Nothing elicits more comments from the coin community than the topic of cleaning, so let’s start off by stating any type of cleaning, including the use of MS70 Coin Cleaner, is controversial. Some hobbyists put MS70 and similar detergents on the same prohibitive plain as Jewel Luster (e-Z-est Cleaner) or similar products. I don’t. Use of MS70 Coin Cleaner to remove years of dust and lose particles from bad storage is one thing; removing a microscopic layer of metal in a dip with Jewel Luster is quite another.
Let’s get another point across now: Don’t read this article, destroy your coins, and blame Coin Update. Never experiment with any cleaner or chemical without protective gloves, eye wear, etc.; and learn from an experienced dealer or hobbyist rather than setting out on your own.
Cleaning is not an art; it is a science.
I’m writing this post after a comment was made about my last article, “Grading Success: Cracking Out Top-Tier Holders.” A dedicated viewer named Joe asked if I had dipped a toned coin, and I responded that I didn’t, as dipping would have removed the toning. He understood and asked that my next column be devoted to cleaning. It’s something we wonder about when buying coins, especially when they seem pristine as if just minted.
Cleaning a coin with MS70 is a rather simple task. Again, don’t try it and blame us if you don’t know what you are doing, as a piece of dirt or grime can leave hairlines if swiped with an ear swab forcefully (or worse, rubbed!). Also, use of MS70 on copper is especially risky, as it can tone the metal to an unnatural color. (It also can turn gold an orange hue.)
I only clean a coin with MS70 if the surface has luster undermined by dust and loose particles from years of bad storage. I also use it to remove the green stains of PVC damage from storage in soft plastic flips. (Some PVC damaged coins are beyond help, depending on the severity of the damage.) I clean the coin near a sink with water running, pouring a tiny bit of the MS70 into a small cup. I dip the cotton end of a swab in the liquid and gently roll the tip on the surface of the coin to remove the debris. I use one end of the swab for the obverse and another for the reverse. I use a new swab on occasion for the rim. Then I hold both sides of the coin under warm water for several minutes and then put it on a cloth to air dry. I never re-dip a used swab in the liquid for a second round of cleaning, as that contaminates the MS70 in the cup.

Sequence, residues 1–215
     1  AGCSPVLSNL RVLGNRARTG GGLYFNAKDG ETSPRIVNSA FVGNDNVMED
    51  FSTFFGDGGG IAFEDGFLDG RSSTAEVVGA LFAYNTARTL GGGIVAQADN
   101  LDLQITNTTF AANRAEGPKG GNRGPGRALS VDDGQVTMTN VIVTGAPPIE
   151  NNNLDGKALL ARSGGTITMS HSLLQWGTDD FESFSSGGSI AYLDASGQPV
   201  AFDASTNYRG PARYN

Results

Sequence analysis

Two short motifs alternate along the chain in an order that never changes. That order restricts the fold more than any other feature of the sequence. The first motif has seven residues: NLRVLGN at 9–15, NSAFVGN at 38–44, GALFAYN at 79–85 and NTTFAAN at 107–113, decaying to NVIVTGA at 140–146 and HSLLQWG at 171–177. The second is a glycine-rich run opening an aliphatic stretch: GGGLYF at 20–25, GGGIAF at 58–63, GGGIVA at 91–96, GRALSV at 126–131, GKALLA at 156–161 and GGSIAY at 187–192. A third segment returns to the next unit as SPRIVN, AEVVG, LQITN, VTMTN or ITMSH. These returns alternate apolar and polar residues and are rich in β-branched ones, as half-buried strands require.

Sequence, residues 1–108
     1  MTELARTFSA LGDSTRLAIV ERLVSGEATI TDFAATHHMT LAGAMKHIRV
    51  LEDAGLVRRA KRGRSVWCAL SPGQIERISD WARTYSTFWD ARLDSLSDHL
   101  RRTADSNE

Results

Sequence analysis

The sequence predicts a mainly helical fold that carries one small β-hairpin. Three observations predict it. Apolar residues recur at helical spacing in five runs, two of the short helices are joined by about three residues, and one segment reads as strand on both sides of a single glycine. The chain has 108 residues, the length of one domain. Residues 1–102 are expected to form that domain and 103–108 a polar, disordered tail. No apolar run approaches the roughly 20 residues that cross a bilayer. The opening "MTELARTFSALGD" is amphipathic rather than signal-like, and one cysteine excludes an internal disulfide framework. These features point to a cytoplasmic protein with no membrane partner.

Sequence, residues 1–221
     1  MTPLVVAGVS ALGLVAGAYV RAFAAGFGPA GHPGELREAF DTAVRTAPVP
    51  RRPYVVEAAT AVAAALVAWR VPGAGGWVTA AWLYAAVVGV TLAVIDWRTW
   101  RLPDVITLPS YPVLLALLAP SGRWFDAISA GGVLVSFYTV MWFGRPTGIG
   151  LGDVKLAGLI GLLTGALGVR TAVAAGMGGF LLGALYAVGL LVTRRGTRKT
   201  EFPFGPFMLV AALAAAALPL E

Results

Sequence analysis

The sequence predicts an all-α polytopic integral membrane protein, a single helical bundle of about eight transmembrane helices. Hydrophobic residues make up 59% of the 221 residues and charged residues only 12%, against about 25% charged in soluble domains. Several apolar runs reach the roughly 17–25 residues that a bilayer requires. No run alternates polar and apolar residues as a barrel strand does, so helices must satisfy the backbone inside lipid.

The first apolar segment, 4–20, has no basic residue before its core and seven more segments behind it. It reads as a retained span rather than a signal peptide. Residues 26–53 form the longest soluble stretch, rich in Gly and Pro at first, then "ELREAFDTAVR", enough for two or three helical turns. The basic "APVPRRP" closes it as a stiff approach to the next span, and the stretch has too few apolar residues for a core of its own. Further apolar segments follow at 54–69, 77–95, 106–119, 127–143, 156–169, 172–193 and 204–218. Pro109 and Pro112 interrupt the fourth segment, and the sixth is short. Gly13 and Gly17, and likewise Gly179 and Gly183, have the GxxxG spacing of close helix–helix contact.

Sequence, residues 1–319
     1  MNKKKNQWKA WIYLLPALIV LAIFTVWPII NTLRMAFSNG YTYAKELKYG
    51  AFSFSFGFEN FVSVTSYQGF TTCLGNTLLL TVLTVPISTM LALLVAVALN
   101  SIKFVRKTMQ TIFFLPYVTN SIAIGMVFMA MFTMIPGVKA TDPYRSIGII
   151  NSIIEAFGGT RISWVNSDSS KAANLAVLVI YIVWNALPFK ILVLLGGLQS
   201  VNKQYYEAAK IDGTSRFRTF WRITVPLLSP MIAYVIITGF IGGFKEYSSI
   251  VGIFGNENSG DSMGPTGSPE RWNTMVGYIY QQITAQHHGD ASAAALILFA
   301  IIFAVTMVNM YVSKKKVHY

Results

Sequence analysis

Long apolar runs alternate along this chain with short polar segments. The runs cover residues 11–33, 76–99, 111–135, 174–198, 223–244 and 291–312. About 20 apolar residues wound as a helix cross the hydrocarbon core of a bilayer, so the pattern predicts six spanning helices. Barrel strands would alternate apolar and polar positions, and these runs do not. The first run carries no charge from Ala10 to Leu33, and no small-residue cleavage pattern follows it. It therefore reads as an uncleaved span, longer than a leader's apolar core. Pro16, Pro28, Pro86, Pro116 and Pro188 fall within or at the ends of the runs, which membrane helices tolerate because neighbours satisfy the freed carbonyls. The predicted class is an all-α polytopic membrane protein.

I won’t divulge my formula for dipping a coin, because I don’t want anyone to try it. I only dipped a few times before this article with mixed results to remove black toning typically caused by excessive tobacco smoke in a home or again, from improper storage. However, for this column, I cracked out four 1923 MS-64 Peace dollars and cleaned two with MS70 and two with Jewel Luster.
Here’s how the coins looked before cleaning:
The bottom left coin above has unsightly toning so it was a candidate for the dip.
Can you tell the difference between the cleaned and dipped dollars?
The two on the left were dipped. The first one of the four was the one with the unsightly toning. Strangely, cleaning with MS70 brought out milk spots common on some Peace dollars. You can see the spots on the two coins to the far right. See what I mean by risks with ANY type of cleaning?
Here’s a before/after shot with the dipping:
To be honest, I think the dipped coins are grade-worthy. I used a diluted Jewel Luster formula for only a few seconds and thoroughly washed the coins under running water. Beyond that, though, I suspect these coins were never dipped or cleaned before. If they had, the dipping would have resulted in a grainy luster that ruins the coin.
Here’s an example:
What do others think about cleaning and dipping?
One reader of my last post wrote that his “first coin-cleaning chemical was Jewel Luster and, while I would agree that it has its place and purpose, generally it degrades original luster permanently. ‘MS-70,’ properly applied, works extremely well, removing foreign material without affecting the coin’s metal at all. With (circulated) copper coins, judicious application of a bit of olive oil will restore the appearance of a coin from which a solvent has stripped the surface oils.”
Brad Lisembee of Capitol Coin Auction typically doesn’t tamper with coins that he plans to get slabbed. “If I see an issue that is possibly correctable, I’ll just send it to Numismatic Conservation Service. I’ve never sent a coin to NCS that has not been straight-graded, but I don’t send just anything to them, either.”
NGC has a good article on the topic, “To dip or not to dip…that is sometimes the question.”
I hope this post answered the question by Joe about the risks and rewards of cleaning coins!
OK. Have at it. Let’s hear from you about your coin cleaning experiences.
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